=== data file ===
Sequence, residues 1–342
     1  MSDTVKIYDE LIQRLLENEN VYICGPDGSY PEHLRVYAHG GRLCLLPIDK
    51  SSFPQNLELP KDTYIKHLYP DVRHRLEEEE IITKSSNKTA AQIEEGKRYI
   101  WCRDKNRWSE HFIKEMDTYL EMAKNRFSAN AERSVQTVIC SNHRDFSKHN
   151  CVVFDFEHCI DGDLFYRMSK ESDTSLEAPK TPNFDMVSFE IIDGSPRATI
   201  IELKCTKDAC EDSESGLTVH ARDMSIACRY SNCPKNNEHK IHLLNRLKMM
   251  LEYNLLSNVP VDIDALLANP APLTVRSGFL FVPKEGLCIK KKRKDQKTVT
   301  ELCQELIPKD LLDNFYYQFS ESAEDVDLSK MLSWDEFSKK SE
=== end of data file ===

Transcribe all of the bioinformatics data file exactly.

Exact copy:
Sequence, residues 1–342
     1  MSDTVKIYDE LIQRLLENEN VYICGPDGSY PEHLRVYAHG GRLCLLPIDK
    51  SSFPQNLELP KDTYIKHLYP DVRHRLEEEE IITKSSNKTA AQIEEGKRYI
   101  WCRDKNRWSE HFIKEMDTYL EMAKNRFSAN AERSVQTVIC SNHRDFSKHN
   151  CVVFDFEHCI DGDLFYRMSK ESDTSLEAPK TPNFDMVSFE IIDGSPRATI
   201  IELKCTKDAC EDSESGLTVH ARDMSIACRY SNCPKNNEHK IHLLNRLKMM
   251  LEYNLLSNVP VDIDALLANP APLTVRSGFL FVPKEGLCIK KKRKDQKTVT
   301  ELCQELIPKD LLDNFYYQFS ESAEDVDLSK MLSWDEFSKK SE